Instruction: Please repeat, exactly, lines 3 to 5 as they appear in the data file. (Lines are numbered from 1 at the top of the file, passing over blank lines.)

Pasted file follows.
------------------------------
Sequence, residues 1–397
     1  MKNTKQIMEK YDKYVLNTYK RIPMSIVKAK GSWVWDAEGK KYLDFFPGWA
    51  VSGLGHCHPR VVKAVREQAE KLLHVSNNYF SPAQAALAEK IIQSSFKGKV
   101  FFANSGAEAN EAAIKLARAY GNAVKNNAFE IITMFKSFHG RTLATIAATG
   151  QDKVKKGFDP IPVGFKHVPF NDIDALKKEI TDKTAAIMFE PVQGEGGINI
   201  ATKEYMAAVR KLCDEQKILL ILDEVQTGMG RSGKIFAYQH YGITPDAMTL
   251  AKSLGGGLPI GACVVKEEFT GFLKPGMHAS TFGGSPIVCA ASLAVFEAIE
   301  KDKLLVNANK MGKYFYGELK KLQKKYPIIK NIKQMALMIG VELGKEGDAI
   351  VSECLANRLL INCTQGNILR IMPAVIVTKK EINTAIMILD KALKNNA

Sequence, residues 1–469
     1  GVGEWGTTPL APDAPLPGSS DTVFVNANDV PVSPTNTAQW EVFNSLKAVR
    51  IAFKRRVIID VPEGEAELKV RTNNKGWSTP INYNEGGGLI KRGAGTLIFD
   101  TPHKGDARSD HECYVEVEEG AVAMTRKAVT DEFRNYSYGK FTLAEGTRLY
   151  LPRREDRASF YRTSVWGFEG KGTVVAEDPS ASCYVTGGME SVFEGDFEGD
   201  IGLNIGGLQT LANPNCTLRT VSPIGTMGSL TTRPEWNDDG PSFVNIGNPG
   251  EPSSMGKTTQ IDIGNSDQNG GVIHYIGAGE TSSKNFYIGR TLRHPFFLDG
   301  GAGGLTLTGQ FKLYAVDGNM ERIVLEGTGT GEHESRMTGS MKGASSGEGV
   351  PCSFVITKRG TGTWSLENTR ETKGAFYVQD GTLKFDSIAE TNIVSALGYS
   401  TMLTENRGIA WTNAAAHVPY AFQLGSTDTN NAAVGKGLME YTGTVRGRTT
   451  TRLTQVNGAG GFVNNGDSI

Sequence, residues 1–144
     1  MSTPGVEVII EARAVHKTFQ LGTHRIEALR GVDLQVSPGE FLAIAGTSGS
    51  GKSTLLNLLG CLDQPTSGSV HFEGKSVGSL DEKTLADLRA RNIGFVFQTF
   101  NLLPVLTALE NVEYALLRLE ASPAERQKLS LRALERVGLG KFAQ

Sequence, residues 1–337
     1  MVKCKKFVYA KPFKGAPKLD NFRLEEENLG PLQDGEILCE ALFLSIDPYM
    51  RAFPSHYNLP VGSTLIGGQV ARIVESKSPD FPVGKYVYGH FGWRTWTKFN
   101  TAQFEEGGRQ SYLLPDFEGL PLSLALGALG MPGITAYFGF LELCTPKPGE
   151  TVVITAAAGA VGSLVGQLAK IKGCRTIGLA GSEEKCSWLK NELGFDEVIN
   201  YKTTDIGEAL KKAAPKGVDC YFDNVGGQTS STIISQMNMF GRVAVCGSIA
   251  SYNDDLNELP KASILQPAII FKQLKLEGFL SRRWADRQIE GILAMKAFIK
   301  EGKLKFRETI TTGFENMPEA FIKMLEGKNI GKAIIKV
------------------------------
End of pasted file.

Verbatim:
    51  VSGLGHCHPR VVKAVREQAE KLLHVSNNYF SPAQAALAEK IIQSSFKGKV
   101  FFANSGAEAN EAAIKLARAY GNAVKNNAFE IITMFKSFHG RTLATIAATG
   151  QDKVKKGFDP IPVGFKHVPF NDIDALKKEI TDKTAAIMFE PVQGEGGINI